The Dawning of Dexter

This is for my granddaughter Amber, who has known Dexter for a very long time.

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When Dexter Murfee Nettleson approached the cash register at the front of the Morning Store, he had everything he needed to create a wonderful day.

He’d found smiles on Aisles 5 and 7, giggles on 3 and 8, and belly laughs on 10. The ones with the hands attached to the sides of the belly were toward the far end of that aisle, but he didn’t mind walking the extra several steps.

A belly laugh wouldn’t carry the same weight if it wasn’t flanked by a pair of hands. And that the hands were in white gloves reminiscent of those worn by Mickey Mouse made them even better.

Perchance Golightly, the lovely young cashier, shared an extra wide smile of her own. “How are you today, Dexter?”

He was so pleased to receive it, he tossed her a giggle.

“Fine, fine,” he said, then flashed his teeth at her as befitting common courtesy.

She juggled the giggle for a moment, but she finally pulled it under control and set it on the front of the conveyor belt.

“No, no, that one is for you, Miss Golightly. A tip for the dealer, so to speak.”

She retrieved it at once and slipped it into the left pocket of her smock. The left pocket was special. She reserved it for candy kisses, Horatio Hornblower Bubblegum, and the occasional slice of slapstick.

She glanced up at him, the faded edges of her smile still in place. “Find everything all right today?”

“Oh yes, everything looked perfectly fine to me.”

Both leaned back, each pointed at the other, and together they yelled, “B’dumpbump, tsh!” Then they both giggled, each issuing one giggle out of their private stock.

“No, no,” he said. “I found everything I was looking for. A place for everything and everything in its place, as they say.

“But really, everything was fine too. And shouldn’t it be, on such a glorious morning as this? After all, in a few short hours we begin the Transition.” He flung his hands wide as if announcing a major new development in the processing of cheese and very nearly dropped a belly laugh and two giggles.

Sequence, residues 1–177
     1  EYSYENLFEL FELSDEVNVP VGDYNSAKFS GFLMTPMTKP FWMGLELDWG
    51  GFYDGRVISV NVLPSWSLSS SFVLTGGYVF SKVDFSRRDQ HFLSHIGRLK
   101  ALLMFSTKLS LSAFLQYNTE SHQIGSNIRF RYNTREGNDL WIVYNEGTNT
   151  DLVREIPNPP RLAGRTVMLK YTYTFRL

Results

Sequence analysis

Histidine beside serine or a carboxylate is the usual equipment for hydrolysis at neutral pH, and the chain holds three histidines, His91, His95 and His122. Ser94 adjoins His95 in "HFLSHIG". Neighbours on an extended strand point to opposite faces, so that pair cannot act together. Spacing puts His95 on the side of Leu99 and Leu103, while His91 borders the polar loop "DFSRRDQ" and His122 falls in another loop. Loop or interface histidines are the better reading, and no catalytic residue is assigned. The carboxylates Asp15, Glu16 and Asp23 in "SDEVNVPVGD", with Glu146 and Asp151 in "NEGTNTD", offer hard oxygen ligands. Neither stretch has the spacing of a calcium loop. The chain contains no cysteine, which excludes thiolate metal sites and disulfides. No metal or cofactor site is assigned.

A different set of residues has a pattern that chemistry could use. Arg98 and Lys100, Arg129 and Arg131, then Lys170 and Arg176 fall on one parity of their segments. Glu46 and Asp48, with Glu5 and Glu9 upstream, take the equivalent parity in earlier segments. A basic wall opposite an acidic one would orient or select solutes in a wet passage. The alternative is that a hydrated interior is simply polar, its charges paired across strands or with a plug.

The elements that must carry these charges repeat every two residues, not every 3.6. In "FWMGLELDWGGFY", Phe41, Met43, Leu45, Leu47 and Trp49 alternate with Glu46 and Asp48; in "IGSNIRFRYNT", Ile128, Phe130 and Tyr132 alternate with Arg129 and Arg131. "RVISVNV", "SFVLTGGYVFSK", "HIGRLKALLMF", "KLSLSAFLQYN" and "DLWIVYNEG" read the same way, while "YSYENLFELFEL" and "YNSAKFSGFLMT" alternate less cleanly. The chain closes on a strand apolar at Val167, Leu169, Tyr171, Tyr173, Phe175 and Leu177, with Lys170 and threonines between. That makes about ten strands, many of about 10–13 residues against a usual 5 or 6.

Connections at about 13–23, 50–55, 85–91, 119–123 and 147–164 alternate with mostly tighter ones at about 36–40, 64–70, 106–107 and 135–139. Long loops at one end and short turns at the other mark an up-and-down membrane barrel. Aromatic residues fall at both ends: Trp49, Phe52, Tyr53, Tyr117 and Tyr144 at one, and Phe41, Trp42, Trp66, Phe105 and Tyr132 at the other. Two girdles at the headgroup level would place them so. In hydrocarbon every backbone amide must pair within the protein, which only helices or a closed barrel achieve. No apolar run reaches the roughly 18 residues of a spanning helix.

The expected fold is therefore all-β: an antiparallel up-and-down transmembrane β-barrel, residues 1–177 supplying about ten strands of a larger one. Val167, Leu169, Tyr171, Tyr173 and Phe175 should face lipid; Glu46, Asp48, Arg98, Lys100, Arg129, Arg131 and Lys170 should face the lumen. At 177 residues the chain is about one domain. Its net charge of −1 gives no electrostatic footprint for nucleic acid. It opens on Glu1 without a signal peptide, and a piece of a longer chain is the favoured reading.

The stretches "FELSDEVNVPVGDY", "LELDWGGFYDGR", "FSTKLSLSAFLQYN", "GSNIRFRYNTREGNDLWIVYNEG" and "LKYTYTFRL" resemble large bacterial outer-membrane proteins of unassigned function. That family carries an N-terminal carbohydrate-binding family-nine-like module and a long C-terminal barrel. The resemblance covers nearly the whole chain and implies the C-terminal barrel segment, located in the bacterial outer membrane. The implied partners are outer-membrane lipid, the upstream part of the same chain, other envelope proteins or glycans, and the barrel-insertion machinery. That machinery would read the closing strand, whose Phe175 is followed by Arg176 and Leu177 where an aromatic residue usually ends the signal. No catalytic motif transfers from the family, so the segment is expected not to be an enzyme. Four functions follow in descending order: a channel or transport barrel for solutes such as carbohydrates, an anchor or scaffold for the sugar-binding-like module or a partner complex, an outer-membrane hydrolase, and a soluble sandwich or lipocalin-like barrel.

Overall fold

Perchance pretended not to notice, suddenly finding the fingernails of her left hand extremely interesting.

In the interim, Dexter managed to corral his purchases. He arranged them on the conveyor belt. “There,” he said. “All better.”

Perchance said, “As compared with what?” Then she reached for the first item he’d placed on the conveyor belt. “But you’re right. The Transition begins soon. And not a moment too soon, in my estimation.”

“I can’t say I disagree with that, but let’s remain positive, shall we? After all, the Transition is a joyous occasion.”

“As with all Transitions since the dawn of time, n’est-ce pas? But you’re as right as you always are, and who can argue with that?” A mischievous twinkle came to her eyes. “Positivity is the watch word of the day.”

“Of the week,” he said.

“Of the fortnight,” she said.

“Of the month,” he said.

“Of the millennium,” they both said together to stave off the march through years and decades and centuries, then bumped a pair of belly laughs between them.

His had hands on the sides of it, but hers was more demure. As a cashier, she had to maintain a certain decorum, after all.

Besides, her hands were busy raking in his good graces as she verbalized a running oral inventory. “One belly laugh with hands,” she said, “and another, and let’s see, one, two, three—a dozen more. You want these in bags? It’ll save time if you don’t want them in bags.”

“You know better, Perchance Golightly. No, I’ll ingest them here, as I always do.” He raised one finger in the air. “For ‘tis better in all things to be prepared than to wish for things unrealized.”

From long practice, Perchance ignored him. She turned back to the conveyor belt. “And how many giggles you got there? Two, four, six, seven. Ah, eight—that one was jiggling. Nine, so… twenty-three. That it?”

“And the smiles.” He put one finger in the air again. “Don’t forget the smiles. For ‘tis a lazy practice to—”

“I’ll get to them.” She frowned. “But no grins? Dexter, what if you someone is beyond the help a simple smile can give, but not quite ready for a giggle?”

“Oh dear. I knew I’d forgotten something. Getting old, you know.” He turned to glance back toward the aisles. “Where are the grins?”

“I asked you first.” She bared her teeth in a flash and pointed at him. “Gotcha! But seriously—well, not seriously, but you know what I mean—they’re on Aisles 2, 6 and 8, small, medium and fanatic.” She put the back of her hand alongside her mouth and faux-whispered, “The fanatics are on sale.”

He swept one hand along the conveyor belt. “Can you hold these items for me?”

She huffed. “I’ll count slowly. Go, man! Go!”

And Dexter turned as quickly as his massive shoes would allow and flapped back across the store to Aisle 2. There he stopped and turned around to cast a glance, askance, at Perchance. He put his hands out to his sides, raised his eyebrows several notches and shrugged.

Perchance gestured.

Without bothering to face the aisles again, he shuffled sideways to Aisle 3, then 4, then 5. His eyebrows remained ratcheted up.

Finally she huffed again, then gestured and yelled, “Aisle 8, my dear Mr. Nettleson, if you want the fanatics.”

He raced into Aisle 8 and came out a long moment later all but staggering under the weight of the grins he’d picked up.

Perchance never was one to wait for the conveyor belt to deliver affectations. There was too much chance one might ride over the edge and fall into oblivion somewhere beneath the belt. Nobody knew what was under there, and she certainly wasn’t going to be the first to find out.